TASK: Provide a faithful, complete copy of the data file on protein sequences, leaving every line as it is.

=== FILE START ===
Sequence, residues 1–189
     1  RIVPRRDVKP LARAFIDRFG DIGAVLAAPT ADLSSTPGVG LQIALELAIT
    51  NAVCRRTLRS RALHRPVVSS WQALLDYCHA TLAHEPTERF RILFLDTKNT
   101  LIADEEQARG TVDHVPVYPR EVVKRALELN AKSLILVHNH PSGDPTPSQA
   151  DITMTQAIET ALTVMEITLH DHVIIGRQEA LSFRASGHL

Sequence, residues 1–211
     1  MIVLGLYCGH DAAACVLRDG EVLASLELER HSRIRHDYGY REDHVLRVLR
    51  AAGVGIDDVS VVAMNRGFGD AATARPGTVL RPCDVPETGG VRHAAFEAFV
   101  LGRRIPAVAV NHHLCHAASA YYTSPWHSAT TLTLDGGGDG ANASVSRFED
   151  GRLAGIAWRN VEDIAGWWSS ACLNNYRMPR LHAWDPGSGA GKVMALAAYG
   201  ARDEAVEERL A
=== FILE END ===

Sequence, residues 1–189
     1  RIVPRRDVKP LARAFIDRFG DIGAVLAAPT ADLSSTPGVG LQIALELAIT
    51  NAVCRRTLRS RALHRPVVSS WQALLDYCHA TLAHEPTERF RILFLDTKNT
   101  LIADEEQARG TVDHVPVYPR EVVKRALELN AKSLILVHNH PSGDPTPSQA
   151  DITMTQAIET ALTVMEITLH DHVIIGRQEA LSFRASGHL

Sequence, residues 1–211
     1  MIVLGLYCGH DAAACVLRDG EVLASLELER HSRIRHDYGY REDHVLRVLR
    51  AAGVGIDDVS VVAMNRGFGD AATARPGTVL RPCDVPETGG VRHAAFEAFV
   101  LGRRIPAVAV NHHLCHAASA YYTSPWHSAT TLTLDGGGDG ANASVSRFED
   151  GRLAGIAWRN VEDIAGWWSS ACLNNYRMPR LHAWDPGSGA GKVMALAAYG
   201  ARDEAVEERL A